A case of pleural effusion caused by infection from Toxocara canis
© Qualizza et al; licensee BioMed Central Ltd. 2015
Published: 8 April 2015
Toxocara canis is an intestinal nematode affecting dogs and cats which causes human infestation through the ingestion of embryonated eggs excreted in faeces. Once larvae have migrated to various tissues and organs, they can cause a wide array of clinical symptoms. We describe a case of pleural effusion caused by T. canis infection.
The patient was a 56-year old Caucasian woman suffering from rheumatoid arthritis since 1995. She was subsequently diagnosed with Sjoegren’s syndrome and autoimmune thyroiditis. In 2009, the patient had a skin rash which disappeared after corticosteroid treatment. In January 2012 a routine chest X-ray detected a pleural effusion, that was treated by various cycles of antibiotics and corticosteroids without improvement. The patient was then referred to us because of a concomitant eosinophilia. She also had difficulty in breathing, and allergy was suspected as a possible cause. The patient underwent allergy tests, parasitological evaluation and a routine blood examination, including IgG antibodies to T. canis.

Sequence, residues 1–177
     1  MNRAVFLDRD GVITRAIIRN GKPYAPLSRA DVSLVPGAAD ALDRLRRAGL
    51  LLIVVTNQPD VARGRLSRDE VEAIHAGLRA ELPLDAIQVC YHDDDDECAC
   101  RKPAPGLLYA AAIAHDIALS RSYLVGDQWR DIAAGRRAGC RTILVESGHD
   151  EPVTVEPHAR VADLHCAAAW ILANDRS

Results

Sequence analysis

Allergy tests were negative, while IgG antibodies to T. canis were positive by both ELISA and Western Blotting. An anti-elminthic treatment was prescribed using mebendazole (one 100 mg tablet b.i.d. for three days), repeated in subsequent cycles with a 1-month time interval. After the first cycle, a chest X-ray showed that the pleural effusion had improved. Complete recovery was shown after 4 months by X-ray and ecography, being associated to a negative serology result for T. canis and to resolution of eosinophilia.
T. canis infection should be taken into account in cases of pleural effusion resistant to conventional treatment. The in vitro detection of T. canis-specific IgG antibodies leads to appropriate, effective anti-elminthic treatment.
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